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Natural Awakenings Central New Jersey


Appreciate The Moment In 2022

Feb 02, 2022 10:14PM ● By Jared Zornitzer

Life is a ticking clock, time is inexorable. One person may be living in the present, enjoying each moment as they come. Another may be absorbed by worries about the future. At the end of the day, who is living a more fulfilling life? Who will be able to look back at their life with no regrets? This year, my resolution is to do a better job of living in the moment so that I can avoid looking back on my life with remorse.

These ideas flooded into my mind during winter break. Without fail, as the end of the break approached, I could not believe how fast it had passed. We so easily take things for granted. For example, I was alive for 15 years before I was consciously thankful for my grandma, one of the most influential figures in my life. Undoubtedly, she had a large impact on my life before but only then did I perceive it. She instilled in me a core value—family comes first—through being such a steadfast figure in my life. Unfortunately, it was only in her last few years that I truly cherished her presence and influence on my life. 

Similarly, I watched a movie over break where humans are on the brink of extinction. At the moment before the extinction event, the main character says, in a moment of revelation, “we really had everything.” Those are his last words. “Oh my god,” I thought, “those are the most tragic and poetic dying words.” Those words evoked a sudden shock; I knew in that instant that I better start believing that I have everything too. I resolved to keep that doctrine closer to my mind in 2022; that whatever I have is beautiful and enough and deserves my appreciation.

I was a young boy during those years that I didn’t comprehend my grandma’s impact, so I don’t really put myself at fault. I was always grateful whenever we spent time together, but what I discovered at age 15 is that there is a deliberate thinking process involved when one desires to fully appreciate someone or something. At the instant that you identify what is important to you, you must repeat its importance in your head until it becomes ingrained in your thoughts daily. The wonderful part is that if this subject is a person, your efforts will bring you much closer together. For me, I began calling my grandma several times per week. We talked about our days, upcoming events and the next time we would see each other. These phone calls brought me immense satisfaction for getting to touch base and connect with her.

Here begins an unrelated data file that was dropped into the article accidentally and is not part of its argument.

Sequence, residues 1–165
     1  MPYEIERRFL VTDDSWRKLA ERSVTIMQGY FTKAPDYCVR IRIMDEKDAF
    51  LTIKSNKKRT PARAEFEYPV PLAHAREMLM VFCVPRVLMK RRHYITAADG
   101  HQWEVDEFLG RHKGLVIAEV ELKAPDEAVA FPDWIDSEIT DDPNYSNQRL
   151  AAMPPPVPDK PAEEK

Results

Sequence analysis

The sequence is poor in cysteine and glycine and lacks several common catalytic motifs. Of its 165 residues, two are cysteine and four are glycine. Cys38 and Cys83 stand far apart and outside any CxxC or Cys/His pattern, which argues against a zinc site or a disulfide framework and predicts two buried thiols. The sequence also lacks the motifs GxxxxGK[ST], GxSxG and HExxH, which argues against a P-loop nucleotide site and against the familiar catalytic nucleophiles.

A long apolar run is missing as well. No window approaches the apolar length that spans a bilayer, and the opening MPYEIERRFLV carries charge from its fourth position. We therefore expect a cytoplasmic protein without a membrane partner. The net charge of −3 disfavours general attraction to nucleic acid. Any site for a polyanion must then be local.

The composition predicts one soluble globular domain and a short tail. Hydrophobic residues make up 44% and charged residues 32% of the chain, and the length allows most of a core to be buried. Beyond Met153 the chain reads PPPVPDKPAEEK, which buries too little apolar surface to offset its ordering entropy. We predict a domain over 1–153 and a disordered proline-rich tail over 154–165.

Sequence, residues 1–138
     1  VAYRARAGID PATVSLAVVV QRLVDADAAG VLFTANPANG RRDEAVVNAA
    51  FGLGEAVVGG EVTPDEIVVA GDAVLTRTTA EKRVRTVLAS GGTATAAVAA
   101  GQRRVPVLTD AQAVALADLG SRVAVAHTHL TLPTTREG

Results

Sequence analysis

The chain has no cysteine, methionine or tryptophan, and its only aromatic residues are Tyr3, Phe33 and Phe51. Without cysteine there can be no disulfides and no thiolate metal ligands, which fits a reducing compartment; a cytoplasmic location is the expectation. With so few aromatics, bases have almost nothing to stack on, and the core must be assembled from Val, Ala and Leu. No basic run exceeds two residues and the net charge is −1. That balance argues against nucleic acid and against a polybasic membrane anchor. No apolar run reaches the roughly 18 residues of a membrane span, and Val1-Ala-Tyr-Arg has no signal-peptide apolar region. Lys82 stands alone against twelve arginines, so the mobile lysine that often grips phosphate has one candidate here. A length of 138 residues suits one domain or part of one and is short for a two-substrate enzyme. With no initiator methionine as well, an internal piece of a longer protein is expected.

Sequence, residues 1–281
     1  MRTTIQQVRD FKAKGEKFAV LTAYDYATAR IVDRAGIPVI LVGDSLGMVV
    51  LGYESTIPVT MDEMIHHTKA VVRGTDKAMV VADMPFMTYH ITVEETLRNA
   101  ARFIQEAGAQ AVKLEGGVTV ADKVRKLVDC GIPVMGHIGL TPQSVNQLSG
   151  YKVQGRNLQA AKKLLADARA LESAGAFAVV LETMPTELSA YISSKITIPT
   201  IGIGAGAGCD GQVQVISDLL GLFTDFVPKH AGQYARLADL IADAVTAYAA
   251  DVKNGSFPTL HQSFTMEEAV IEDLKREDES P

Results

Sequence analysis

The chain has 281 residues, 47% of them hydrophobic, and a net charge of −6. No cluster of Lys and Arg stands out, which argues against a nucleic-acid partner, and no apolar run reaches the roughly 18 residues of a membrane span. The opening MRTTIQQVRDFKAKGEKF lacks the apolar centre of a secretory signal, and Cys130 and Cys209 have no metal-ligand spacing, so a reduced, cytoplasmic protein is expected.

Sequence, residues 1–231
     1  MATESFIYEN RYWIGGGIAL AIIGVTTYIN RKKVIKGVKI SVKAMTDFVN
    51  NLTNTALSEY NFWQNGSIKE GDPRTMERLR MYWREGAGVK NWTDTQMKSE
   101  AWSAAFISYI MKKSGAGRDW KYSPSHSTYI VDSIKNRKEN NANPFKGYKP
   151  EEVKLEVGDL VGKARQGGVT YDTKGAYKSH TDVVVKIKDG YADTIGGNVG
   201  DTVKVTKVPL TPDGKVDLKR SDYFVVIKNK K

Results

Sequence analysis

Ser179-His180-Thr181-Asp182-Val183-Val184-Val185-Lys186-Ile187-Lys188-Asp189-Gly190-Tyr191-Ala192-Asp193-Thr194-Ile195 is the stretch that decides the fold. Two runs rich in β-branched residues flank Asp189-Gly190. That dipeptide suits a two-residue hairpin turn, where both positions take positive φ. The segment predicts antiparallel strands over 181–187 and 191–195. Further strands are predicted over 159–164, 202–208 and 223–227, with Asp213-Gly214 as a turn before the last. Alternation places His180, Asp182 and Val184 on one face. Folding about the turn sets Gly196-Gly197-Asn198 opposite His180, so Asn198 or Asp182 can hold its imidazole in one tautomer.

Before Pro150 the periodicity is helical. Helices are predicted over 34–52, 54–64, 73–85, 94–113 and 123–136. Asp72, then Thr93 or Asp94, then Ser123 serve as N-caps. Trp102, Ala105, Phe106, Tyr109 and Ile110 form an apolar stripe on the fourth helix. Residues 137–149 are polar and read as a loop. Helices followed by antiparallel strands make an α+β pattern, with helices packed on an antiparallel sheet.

Nobody wants to end up in the character from that movie’s shoes, where he only acknowledges the value of life at the moment of death. To ensure that we don’t, I believe that we must passionately pursue the goal of not letting a day slip by unappreciated.

Jared Zornitzer is a full-time college student at Rensselaer Polytechnic Institute in Troy, NY studying engineering. An advocate of balancing work and school with exercise and healthy living, he loves hiking, biking, running, cooking, spending time with family and friends, and learning in his classes.

Tick Talk

Spring officially sprung on March 21. We have turned our clocks ahead. We are looking forward to warm winds, sunny skies and the smell of fresh cut grass. The daffodils and tulips have recently bloomed and we are just starting with the yard work that comes with the warmer weather.  Sadly, another season has started ramping up.  Tick season.

•             The best form of protection is prevention. Educating oneself about tick activity and how our behaviors overlap with tick habitats is the first step.

•             According to the NJ DOH, in 2022 Hunterdon County led the state with a Lyme disease incidence rate of 426 cases per 100,000 people. The fact is ticks spend approximately 90% of their lives not on a host but aggressively searching for one, molting to their next stage or over-wintering. This is why a tick remediation program should be implemented on school grounds where NJ DOH deems high risk for tick exposure and subsequent attachment to human hosts.

•             Governor Murphy has signed a bill that mandates tick education in NJ public schools. See this for the details.  Tick education must now be incorporated into K-12 school curriculum. See link:

•             May is a great month to remind the public that tick activity is in full swing. In New Jersey, there are many tickborne diseases that affect residents, including Anaplasmosis, Babesiosis, Ehrlichiosis, Lyme disease, Powassan, and Spotted Fever Group Rickettsiosis.

•             For years, the focus has mainly been about protecting ourselves from Lyme disease. But other tick-borne diseases are on the rise in Central Jersey. An increase of incidence of Babesia and Anaplasma are sidelining people too. These two pathogens are scary because they effect our blood cells. Babesia affects the red blood cells and Anaplasma effects the white blood cells.

•             Ticks can be infected with more than one pathogen. When you contract Lyme it is possible to contract more than just that one disease. This is called a co-infection. It is super important to pay attention to your symptoms. See link.

A good resource from the State:


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